It's not the sort of information one comes across just randomly skipping around the Internet. No, this particular bit of trivia was acquired after hearing about -- and seeing pictures of -- one of the more spectacular and mind-bending animal attacks that nature can conjure up.
A 10-foot olive python engaged in an epic, five-hour battle with a freshwater Johnston's crocodile Sunday in Australia's Lake Moondarra. The fact the attack occurred at all is rare enough, according to a local snake expert who spoke with the Brisbane Times.
But photos of this brutal endurance kill (and meal) were snapped by a woman who witnessed it, and that is -- very literally -- something you don't see every day.
Tiffany Corlis told ABC North West Queensland radio that the crocodile "was fighting at the start, so it was trying to keep its head out of water and survive." However, "as the morning sort of progressed, you could tell that both of them were getting a little weaker."
The crocodile more than the python, apparently, which had wrapped itself around its large prey, squeezing tighter with every breath the croc released.
"Finally, the croc sort of gave in and the snake had uncoiled for a little while and had a brief break," Corlis explained. Sounds intense, but then she delivered the kicker: "And then" -- wait for it -- "actually started to consume the crocodile."
CONSUME THE CROCODILE! A snake! You have seen what crocodiles look like, right?! Note to self: Stay so, so far away from pythons forever.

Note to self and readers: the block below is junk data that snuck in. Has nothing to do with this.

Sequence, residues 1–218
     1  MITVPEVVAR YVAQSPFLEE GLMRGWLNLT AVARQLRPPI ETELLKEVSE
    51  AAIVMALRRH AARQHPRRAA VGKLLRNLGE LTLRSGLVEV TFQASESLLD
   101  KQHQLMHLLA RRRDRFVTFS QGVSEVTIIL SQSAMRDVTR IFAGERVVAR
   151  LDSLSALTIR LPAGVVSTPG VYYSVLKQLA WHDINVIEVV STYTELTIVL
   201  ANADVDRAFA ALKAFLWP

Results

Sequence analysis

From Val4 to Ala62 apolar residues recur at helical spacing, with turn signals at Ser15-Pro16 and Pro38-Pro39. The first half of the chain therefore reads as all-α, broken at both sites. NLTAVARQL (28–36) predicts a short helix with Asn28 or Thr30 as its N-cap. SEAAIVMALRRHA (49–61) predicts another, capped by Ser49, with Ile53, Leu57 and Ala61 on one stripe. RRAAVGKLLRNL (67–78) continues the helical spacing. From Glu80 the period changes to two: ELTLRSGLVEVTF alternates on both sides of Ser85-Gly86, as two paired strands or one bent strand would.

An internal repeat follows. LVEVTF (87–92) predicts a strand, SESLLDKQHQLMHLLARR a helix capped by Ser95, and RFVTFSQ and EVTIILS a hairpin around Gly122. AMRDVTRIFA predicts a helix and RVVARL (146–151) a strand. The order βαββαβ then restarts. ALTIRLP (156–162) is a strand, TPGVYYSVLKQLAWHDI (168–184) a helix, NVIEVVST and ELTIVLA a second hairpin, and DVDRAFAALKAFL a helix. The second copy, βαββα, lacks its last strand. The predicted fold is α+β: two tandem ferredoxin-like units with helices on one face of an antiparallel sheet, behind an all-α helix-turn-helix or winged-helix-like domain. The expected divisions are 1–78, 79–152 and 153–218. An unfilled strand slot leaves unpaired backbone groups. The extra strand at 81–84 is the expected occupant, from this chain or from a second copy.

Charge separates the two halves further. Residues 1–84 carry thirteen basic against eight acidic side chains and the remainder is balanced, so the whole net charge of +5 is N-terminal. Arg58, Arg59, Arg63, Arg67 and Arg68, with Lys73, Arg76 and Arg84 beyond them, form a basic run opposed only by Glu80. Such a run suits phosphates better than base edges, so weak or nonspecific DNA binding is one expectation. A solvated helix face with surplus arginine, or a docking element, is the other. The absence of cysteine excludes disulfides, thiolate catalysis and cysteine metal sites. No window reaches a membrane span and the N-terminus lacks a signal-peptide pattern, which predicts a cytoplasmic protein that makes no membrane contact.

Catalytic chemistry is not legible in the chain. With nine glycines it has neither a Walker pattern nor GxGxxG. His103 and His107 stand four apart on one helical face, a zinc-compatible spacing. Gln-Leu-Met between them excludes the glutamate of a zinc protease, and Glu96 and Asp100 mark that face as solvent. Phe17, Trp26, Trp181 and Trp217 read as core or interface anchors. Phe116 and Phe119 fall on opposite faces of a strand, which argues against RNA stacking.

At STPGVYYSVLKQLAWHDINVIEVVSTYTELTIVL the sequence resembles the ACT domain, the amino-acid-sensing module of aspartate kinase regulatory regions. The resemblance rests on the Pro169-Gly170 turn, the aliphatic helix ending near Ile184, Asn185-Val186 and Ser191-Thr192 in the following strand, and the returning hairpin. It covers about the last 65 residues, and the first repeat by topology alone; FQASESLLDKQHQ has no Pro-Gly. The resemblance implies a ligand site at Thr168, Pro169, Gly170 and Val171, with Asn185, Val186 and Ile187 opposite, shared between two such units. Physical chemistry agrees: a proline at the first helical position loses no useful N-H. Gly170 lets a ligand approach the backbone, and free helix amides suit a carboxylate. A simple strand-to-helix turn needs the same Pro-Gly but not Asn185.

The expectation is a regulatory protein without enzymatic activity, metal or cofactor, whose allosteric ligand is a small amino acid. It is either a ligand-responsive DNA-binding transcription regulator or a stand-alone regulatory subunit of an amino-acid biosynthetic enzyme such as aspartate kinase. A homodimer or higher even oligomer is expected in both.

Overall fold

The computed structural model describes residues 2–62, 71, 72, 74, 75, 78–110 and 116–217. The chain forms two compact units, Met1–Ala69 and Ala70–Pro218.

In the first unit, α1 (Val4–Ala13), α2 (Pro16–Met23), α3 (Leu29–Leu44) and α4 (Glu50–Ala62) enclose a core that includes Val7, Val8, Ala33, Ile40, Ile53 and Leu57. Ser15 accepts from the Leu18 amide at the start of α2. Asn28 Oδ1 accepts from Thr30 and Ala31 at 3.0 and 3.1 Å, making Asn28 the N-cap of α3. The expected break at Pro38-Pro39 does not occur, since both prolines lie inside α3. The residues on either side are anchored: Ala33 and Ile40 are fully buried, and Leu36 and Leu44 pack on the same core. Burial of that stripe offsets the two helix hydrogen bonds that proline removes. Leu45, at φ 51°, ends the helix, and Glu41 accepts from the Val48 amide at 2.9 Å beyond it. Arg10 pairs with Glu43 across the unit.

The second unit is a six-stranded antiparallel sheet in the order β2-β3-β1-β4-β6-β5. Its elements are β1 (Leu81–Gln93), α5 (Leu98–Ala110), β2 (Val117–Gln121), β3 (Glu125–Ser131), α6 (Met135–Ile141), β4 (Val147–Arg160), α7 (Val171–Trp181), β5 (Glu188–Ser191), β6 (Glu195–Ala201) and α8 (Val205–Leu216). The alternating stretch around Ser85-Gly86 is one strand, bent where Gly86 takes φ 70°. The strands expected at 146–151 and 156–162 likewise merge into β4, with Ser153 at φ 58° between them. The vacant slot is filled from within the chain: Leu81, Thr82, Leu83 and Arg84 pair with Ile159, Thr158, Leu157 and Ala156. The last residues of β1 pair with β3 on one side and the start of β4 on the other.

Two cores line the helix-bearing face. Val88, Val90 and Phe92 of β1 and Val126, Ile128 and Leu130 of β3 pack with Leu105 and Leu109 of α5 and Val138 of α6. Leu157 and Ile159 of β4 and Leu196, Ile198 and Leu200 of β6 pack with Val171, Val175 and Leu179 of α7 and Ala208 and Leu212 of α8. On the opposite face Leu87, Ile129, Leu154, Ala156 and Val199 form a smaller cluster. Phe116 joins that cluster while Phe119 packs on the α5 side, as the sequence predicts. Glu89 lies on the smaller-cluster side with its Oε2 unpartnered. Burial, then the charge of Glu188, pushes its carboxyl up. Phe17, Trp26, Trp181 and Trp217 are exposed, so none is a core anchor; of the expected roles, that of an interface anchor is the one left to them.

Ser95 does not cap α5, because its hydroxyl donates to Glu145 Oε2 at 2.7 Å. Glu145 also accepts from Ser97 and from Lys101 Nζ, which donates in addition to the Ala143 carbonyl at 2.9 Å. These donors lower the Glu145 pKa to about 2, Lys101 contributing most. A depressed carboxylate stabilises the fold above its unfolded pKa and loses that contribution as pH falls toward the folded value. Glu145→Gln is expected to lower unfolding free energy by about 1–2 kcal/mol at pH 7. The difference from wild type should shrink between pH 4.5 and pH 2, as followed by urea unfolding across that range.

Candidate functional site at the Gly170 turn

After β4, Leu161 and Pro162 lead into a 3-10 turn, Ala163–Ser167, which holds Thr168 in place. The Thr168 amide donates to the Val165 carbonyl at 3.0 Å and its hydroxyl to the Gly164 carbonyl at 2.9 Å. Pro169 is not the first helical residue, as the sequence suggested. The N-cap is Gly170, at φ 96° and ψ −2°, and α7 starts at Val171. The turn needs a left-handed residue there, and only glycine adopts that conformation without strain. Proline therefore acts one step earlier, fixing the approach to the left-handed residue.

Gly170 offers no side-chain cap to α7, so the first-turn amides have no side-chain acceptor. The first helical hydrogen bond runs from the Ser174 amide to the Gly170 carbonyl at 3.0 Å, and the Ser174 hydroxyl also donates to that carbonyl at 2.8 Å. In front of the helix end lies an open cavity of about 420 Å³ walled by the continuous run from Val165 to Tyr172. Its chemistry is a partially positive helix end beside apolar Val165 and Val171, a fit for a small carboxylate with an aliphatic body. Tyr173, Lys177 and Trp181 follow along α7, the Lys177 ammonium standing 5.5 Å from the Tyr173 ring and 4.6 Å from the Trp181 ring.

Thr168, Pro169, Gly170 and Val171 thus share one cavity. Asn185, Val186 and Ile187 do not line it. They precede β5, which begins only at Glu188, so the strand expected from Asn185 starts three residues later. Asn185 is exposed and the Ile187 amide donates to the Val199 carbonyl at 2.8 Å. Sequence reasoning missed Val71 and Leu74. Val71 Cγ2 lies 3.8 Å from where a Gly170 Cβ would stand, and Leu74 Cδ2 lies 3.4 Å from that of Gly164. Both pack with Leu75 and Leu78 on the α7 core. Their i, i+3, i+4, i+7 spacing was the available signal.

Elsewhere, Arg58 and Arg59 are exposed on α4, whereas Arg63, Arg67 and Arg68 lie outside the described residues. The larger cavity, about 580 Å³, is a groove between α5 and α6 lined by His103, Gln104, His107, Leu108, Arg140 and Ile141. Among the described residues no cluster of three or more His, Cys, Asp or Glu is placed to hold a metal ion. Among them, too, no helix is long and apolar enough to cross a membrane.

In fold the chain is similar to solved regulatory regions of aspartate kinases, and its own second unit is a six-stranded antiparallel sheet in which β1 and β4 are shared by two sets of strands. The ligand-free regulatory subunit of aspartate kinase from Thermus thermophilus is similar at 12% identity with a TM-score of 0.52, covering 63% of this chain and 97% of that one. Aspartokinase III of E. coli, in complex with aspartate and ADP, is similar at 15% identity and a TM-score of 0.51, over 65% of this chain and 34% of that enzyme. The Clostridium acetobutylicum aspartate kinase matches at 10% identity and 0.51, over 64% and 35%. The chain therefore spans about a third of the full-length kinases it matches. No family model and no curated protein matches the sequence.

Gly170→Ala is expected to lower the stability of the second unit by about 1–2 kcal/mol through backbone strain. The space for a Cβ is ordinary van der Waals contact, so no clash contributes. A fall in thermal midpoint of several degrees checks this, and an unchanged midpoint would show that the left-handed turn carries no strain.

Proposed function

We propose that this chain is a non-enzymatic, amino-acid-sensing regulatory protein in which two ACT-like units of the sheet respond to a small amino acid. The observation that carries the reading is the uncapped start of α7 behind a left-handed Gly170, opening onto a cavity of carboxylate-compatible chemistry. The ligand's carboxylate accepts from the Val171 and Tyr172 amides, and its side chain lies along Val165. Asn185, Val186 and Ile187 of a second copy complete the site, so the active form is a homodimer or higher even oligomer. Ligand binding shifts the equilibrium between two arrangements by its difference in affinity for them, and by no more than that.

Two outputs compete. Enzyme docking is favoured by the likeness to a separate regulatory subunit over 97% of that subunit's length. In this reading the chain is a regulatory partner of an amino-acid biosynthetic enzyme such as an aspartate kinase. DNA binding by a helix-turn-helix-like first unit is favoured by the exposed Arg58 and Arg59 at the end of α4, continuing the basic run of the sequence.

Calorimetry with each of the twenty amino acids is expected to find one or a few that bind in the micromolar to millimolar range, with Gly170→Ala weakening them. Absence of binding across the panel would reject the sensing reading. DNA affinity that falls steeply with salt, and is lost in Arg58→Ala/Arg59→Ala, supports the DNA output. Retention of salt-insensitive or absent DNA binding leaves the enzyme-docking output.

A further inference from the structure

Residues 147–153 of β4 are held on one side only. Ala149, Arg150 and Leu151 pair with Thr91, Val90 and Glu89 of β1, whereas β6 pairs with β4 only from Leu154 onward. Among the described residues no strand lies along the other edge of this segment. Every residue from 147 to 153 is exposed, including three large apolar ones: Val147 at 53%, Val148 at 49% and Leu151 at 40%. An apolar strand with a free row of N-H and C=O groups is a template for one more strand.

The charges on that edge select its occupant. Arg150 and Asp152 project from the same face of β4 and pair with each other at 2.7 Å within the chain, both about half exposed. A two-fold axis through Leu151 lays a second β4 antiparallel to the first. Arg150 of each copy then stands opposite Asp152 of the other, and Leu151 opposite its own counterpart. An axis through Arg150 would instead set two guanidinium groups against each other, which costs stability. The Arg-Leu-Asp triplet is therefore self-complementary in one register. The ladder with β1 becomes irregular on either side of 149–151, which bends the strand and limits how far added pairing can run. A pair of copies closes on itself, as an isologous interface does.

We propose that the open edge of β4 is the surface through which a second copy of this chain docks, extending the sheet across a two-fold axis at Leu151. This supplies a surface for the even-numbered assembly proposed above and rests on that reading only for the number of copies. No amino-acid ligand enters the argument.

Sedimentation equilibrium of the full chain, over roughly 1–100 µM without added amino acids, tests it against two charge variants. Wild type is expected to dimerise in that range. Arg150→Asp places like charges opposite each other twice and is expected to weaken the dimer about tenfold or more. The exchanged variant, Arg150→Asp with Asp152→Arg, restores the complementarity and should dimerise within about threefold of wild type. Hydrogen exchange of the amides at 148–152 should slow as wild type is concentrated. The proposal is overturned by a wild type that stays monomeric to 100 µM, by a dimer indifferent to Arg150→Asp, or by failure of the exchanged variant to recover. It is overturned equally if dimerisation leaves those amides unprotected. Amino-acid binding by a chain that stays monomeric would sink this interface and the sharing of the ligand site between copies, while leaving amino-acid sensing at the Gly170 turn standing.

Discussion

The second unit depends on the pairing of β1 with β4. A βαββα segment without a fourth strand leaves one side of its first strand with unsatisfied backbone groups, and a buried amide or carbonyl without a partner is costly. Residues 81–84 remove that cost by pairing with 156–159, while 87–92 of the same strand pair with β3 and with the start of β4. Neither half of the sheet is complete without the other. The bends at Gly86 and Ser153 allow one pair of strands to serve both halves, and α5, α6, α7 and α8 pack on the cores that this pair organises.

'It was just unbelievable'
This of course brings us to the "pythons begin with the head" note. Slowly, the snake employed its flexible jaws around the rest of its victim, whose lifeless body it had dragged onto the marshy shore.
Corlis stayed and watched the whole thing, of course. How could anyone possibly look away at this point? "It was just unbelievable," she said. "We were sort of thinking that the snake had bitten off a little more than it could chew. But it did. It actually ate the crocodile."
With the entire crocodile now jammed tight inside of it, the python basically looked like a crocodile covered in snakeskin, as it took the shape of its victim.
"When you actually looked at the snake, you could actually see the crocodile's ridges, legs and everything inside its belly," Corlis described.
The python makes room for its meal by enlarging its organs three to four times their normal size and spiking enzyme production to help break it down.
"All the bones, flesh and organs are digested and used" by the snake, reptile curator Terry Phillip told National Geographic.
But not everything is absorbed, according to snake expert Bryan Fry. He told the BBC that "in three weeks it will defecate a calcium ball, having absorbed the fat and protein, but not the excess minerals."
So, it starts with the head -- and now we know exactly how it ends.
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